What the future will be, I do not know. I try to be obedient. The word "Islam" means "obedience, submission to God." If such is God's will, I am obliged to submit to it. If not, I myself will not strive for it. By nature I am a quiet man, peaceful. Scholarship attracts me more and I would return to it. Reading books, writing, involvement in education activity among my own people so that everything will be quiet. Now my desire is not to return to politics, much less to public politics. In today's Russia this would be unpleasant for a nonbelieving person and for the time being nobody has the power to change it. I see myself in the public educational field but being a political pawn in somebody else's hands is not to my liking.
--One more question about your "past" life. In 1991 you became a priest on leave. What have the recent pages of your spiritual life been like? Have you officiated since then; were you assigned to some church?
--No. When I was a deputy and arranged with the patriarch for the leave, I retained the right to officiate in Kaluga diocese. However I did not exercise that right often and since 1995 I have not conducted the liturgy at all.
--And when was the last time you wore vestments?
--Several years ago.
--What will be the fate of Orthodoxy and Islam in Russia? Will there be real cooperation between them?
--My civil position has not changed. Today, as in the time of the Supreme Soviet, I consider that between Christianity and Islam in Russia there should be a social union. Specifically social, confirmed at the governmental level. Before the revolution, both Orthodox and Muslims were present at official ceremonies. Of course, Orthodox ceremonies were governmental, but Muslims were present at them, though they did not participate directly but stood alongside. Muslims had special prayers for the tsar as their earthly patron.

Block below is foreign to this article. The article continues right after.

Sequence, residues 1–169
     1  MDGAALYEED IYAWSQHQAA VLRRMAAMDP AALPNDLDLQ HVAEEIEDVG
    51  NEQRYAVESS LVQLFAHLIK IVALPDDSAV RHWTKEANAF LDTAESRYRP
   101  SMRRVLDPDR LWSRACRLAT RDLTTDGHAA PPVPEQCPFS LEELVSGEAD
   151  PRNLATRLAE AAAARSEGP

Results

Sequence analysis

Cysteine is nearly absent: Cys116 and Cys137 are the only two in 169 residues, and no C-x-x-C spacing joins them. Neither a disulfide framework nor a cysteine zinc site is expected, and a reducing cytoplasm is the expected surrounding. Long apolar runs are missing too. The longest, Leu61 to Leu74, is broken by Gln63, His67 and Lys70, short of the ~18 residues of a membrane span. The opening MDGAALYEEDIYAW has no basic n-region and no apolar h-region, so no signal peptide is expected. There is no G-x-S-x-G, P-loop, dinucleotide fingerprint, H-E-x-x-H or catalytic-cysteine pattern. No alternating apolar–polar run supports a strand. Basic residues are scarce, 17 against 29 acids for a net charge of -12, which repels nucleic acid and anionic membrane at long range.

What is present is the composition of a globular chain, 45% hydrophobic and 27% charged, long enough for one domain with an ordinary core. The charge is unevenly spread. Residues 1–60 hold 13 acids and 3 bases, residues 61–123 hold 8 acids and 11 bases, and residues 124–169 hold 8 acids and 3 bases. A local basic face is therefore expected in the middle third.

Russia always has been a Eurasian country, widespread and essentially imperial. The empire was integrated, although there were colonial acquisitions and the union of Christians and Muslims was complementary. Moreover the ideology of the state, as a secular program, must be based on values of monotheism, because this is the essence of what is. In the ideology there should be no questions like whether one must kiss icons or not or what processions to make or what kind of vestments to wear. The ideology provides only the most general matters which pertain to every person. This is the moral basis and then the laws are a reflection of the morality. If someone is punished for something, this is a moral judgment. This scale of moral values of society must be based on monotheism, which is common between Christians and Muslims: do not kill, do not steal, do not wish another ill, help the needy, do mercy, etc. The future ideology of Russia, if Russia is destined to survive and again become great, is monotheism and concretely a social union of Islam and Christianity.
--If one speaks of Islam as an ideology, then it is obvious that there are various trends: fundamentalism, "euro-islam," and the like. Which is more attractive to you?
--What is more attractive is simply monotheism in its pure form in order not to think of God in an unworthy manner. I like it when there are no contradictions and there is logical consistency. The Glorious Koran says outright that the truth is not contradictory. There is the doctrine of the transcendental God, the Creator, the Almighty, the Merciful and all the rest should be in agreement with this. If something contradicts this, that means it must be eliminated.
--How do you perform the prayers?
--Usually, five times a day is required.
--Daily or only on Friday?
--I made my announcement only recently and before this it was necessary not to advertise all of this. Now I will do it as required.
--Do you have a prayer rug?
--I do. In state service it is extremely difficult to perform the prayers, but all rules are constructed flexibly. If by force of circumstances it is necessary to put it off, it can be done after work. Incidentally, it's the same in Christianity. (tr. by PDS)
(posted 10 June 1999)